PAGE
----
This human services undergraduate wants to help disadvantaged teens and one day become an FBI profiler.
I just posted last month about how to prepare for a job interview, but what about preparing for a job fair and, realistically, what kind of results are possible?
There is no better way to answer these questions than to talk about what just happened on March 4th at the 2014 NLU Educator Job Fair hosted at NLU’s Lisle Campus. Held from 1pm-4pm with potential post-fair interviews taking place between 4:30pm-6:30pm, both the employer and student respondents to the post-fair satisfaction survey agree that the 2014 Educator Job Fair was a wild success.
The second installment of the “Reimagining School” symposium series was held in March. A collaboration of the Golden Apple Foundation, NLU, Family Action Network and Chicago Shakespeare Theater, the symposium brought together nationally recognized figures in education for a conversation about the ways schools can foster creativity and innovation to raise students’ global competence in a changing world.
I am pleased to have the opportunity to tell readers of the NLU blog a little bit about my work. As a community psychologist, I am interested in strengthening partnerships between schools, families and communities. In particular, I am interested in strengthening the connections between K-12 education, post-secondary education and training, and employment in low-income communities. I am collaborating with the Chicago Public Schools Department of Family and Community Engagement to support the activities of the Community Action Council in Bronzeville.
Triton College has signed a new articulation agreement with National Louis University that will create a more seamless transition for Triton students wishing to transfer their credits toward a bachelor’s business program at NLU.
As part of the agreement, Triton students who earn their Associate in Arts or Associate in Science or Applied Science degree can go on to pursue a B.S. in Management at NLU.
“National Louis’ partnership with Triton College underscores our commitment to provide higher education opportunities to students in our communities,” said Chris Cassirer, Sc.D., Dean of the College of Management and Business and College of Arts and Sciences at NLU in a press release. “We are pleased that this collaboration will provide Triton students seeking a baccalaureate degree in business a chance to smoothly transition to National Louis where they can fulfill their academic and professional goals.”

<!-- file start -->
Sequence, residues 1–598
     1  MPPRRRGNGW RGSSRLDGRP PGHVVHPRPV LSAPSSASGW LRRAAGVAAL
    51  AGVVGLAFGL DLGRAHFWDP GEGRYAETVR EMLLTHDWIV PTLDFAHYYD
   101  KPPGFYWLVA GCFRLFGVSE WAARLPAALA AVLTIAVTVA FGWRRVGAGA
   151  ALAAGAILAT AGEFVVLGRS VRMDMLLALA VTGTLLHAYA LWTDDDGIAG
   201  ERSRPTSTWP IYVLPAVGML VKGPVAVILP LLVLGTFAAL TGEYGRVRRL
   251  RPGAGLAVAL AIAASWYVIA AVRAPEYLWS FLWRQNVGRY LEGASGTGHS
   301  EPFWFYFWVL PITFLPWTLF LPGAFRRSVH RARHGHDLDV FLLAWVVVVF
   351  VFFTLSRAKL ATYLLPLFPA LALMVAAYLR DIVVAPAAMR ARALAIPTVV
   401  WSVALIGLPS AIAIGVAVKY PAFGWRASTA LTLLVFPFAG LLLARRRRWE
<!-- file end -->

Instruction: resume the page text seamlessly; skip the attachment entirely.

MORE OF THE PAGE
As military veterans return to school, many are juggling work, family and an introduction/reintroduction to higher education. To help these students make the most of their college careers, some military-friendly colleges and universities have established learning support departments. Peter Ploegman is a learning support specialist at National Louis University, and recently he shared an overview of his work and the importance of providing learning support services for student veterans.
National Louis University alumni are out there in the world doing great things in the workplace and in their communities. We would like to share some recent achievements from a few of our alumni. If you would like to give us an update on what you’re doing, contact Alumni Relations Director Kimberly Michaelson at firstname.lastname@example.org.
It is a cliché to say, “I started writing when I was a young child,” but it is true. Being diagnosed with chronic asthma at the age of five often confined me to the indoors, and there were only so many cartoons I could watch before becoming bored out of my mind. So I began to spend a lot of time reading and writing. I wrote short stories to entertain my family about growing up on a farm. I also wrote short stories with fictitious characters and pets; sometimes my pets talked and were heroes. One of my favorite pastimes was writing stories and making them into little books for gifts.
Learn more about how NLU’s veterans program is part of a nationwide trend among colleges to help military members as they transition back to civilian life and look to take the next step in their careers.
I grew up in California and moved to Texas at age 14 and then moved again to South Carolina. When I graduated from high school, I wanted to be a criminologist and get as much experience as I could. However, I discovered that I had to be at least 21 to be a criminologist. I wanted to get solid hands-on experience in the field, so I joined the Army at age 18 and served for five years in Germany and Fort Carson, CO.
I knew that as soon as I got out of the Army, I would go back to school to pursue my degree. I returned to civilian life in the fall of 2009. I am married now and have a six-month-old daughter. I live in Algonquin, IL, and attend National Louis University’s Chicago campus once per week.